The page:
Christianity sometimes gets knocked on for being too restrictive. That is to say, many modern-minded people view Christianity as a set of rules saying don’t do this, don’t do that. I understand why people think such things, but I would like to propose that in light of the cross and resurrection, Christianity has become the single most freeing way of life that could ever be offered. Why? Keep reading.
You know all those fears you find yourself enslaved to? Jesus came down to set us free from those slavish tendencies, our broken tendencies by dying for our sins on the cross and by showing death to be a liar through his resurrection. All throughout the Bible you find phrases like, “It is for freedom that Christ has set you free!” or “You received a spirit that no longer makes you slaves again to fear!” or even, “Where the spirit of the Lord is, there is freedom!”
For the non-Christian: You want to fully express who you were made to be? Find Jesus; otherwise you will always be operating under the fear of something, under the fear of failure, the fear of others, the fear of death. I guarantee Jesus did not come down to suppress your personality or who you truly are; rather he came to restore you to who you were exactly meant to be.
For the Christian: WE HAVE BEEN SET FREE!!! Why do we so often act as if we are not free? As if we are shackled to a type of moralism, a set of boring rules? These “rules” are the paths that lead to eternal joy, and that’s worth flipping out about. We have been freed not only from our sin, but freed to be who we were meant to be! This is such good news!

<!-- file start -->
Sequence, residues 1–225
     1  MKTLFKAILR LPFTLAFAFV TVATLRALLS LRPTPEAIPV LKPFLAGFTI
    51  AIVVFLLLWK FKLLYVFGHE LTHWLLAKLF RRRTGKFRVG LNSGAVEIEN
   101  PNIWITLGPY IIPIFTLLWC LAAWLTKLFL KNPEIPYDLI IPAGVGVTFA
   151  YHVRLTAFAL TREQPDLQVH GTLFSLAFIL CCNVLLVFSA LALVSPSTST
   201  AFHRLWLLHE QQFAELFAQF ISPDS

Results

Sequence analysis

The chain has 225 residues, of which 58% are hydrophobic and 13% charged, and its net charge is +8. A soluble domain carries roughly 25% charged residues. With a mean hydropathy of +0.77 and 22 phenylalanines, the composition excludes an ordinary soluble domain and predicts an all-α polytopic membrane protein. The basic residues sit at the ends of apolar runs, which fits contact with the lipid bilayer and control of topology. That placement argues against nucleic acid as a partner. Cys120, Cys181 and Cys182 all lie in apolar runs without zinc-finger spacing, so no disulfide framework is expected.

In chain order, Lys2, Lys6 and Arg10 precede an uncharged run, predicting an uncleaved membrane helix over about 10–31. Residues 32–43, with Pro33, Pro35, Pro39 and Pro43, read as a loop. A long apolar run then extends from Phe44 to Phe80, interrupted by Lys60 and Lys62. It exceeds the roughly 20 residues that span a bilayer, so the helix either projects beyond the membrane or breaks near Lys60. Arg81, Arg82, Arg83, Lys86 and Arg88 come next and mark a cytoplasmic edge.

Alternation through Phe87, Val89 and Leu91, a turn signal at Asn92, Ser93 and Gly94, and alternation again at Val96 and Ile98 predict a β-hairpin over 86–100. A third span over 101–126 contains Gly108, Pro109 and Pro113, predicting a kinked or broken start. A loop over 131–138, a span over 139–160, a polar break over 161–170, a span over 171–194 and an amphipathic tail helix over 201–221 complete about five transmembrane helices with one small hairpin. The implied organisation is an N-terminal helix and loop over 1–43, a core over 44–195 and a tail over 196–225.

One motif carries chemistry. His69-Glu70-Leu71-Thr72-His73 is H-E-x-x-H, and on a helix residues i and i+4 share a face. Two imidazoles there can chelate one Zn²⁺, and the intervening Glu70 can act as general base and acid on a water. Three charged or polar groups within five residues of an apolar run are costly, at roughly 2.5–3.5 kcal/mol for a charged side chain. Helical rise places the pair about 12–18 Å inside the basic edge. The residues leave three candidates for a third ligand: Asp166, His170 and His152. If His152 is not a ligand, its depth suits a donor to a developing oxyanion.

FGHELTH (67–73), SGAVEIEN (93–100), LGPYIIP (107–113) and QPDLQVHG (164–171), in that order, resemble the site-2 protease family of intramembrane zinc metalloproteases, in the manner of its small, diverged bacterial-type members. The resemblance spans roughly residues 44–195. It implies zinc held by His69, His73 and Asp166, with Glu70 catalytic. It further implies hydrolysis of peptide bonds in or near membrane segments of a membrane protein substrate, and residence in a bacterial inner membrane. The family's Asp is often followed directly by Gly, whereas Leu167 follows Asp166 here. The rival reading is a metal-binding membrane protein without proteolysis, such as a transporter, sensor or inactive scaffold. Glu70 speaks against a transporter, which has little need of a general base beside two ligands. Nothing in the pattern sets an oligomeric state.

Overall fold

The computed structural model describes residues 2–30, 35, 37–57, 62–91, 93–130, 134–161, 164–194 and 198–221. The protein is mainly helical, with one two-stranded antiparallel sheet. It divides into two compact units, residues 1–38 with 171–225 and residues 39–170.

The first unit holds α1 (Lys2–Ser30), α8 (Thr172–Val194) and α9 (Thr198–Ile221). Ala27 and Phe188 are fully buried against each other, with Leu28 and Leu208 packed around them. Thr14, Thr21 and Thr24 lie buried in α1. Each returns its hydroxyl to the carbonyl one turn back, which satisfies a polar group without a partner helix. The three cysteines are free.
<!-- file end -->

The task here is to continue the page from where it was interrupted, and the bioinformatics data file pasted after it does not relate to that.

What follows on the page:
Attempting to simplify what Jesus did on the cross for us and his resurrection from the dead three days later into one succinct point is quite simply, ludicrous; however, one thing I know to be true about the momentous event of the cross and subsequential resurrection is that Jesus arrested death. He walked clean through it’s grip and trampled it underfoot. Because of this amazing truth, we can be free from the fear of sin and death, and since we are truly free from these forms of slavery, we can be exactly who we were made to be, as God originally intended.
Our fears will fade into the sewer, just as the creepy Pennywise did at the end of IT, and all we’ll be able to think of is how silly our former master looked dancing on stage, occupying our attention from the what really matters (see video). After all, it’s not about us or our fears; it’s about the God who stepped down into human history to set us free from our bondage to sin and death and to set us free to pursue him with everything we were made to be.
Death is arrested, and we are free at last. Do you believe that, dear reader?
P.S. Here’s the funny video of Pennywise the clown, I promise it’s funny. The first scene, not so much, but the rest are good.
The song “Death Was Arrested” is a killer jam; it does an excellent job of summing up what this blog is about in roughly 3 minutes time. Also, check out the classic song “Free At Last” by DC talk. I believe my next blog post will be a reflection on that song. Also, also, I would not necessarily recommend the movie IT for all viewers, but only for those who are already interested in scary movies, and for those who are a bit more mature. IT is rated R after all. Also, Also, Also, the featured art piece is none other than The Scream by Edvard Munch. More of an existential dread than a jump-out-of-your-pants kinda fear, but still relevant.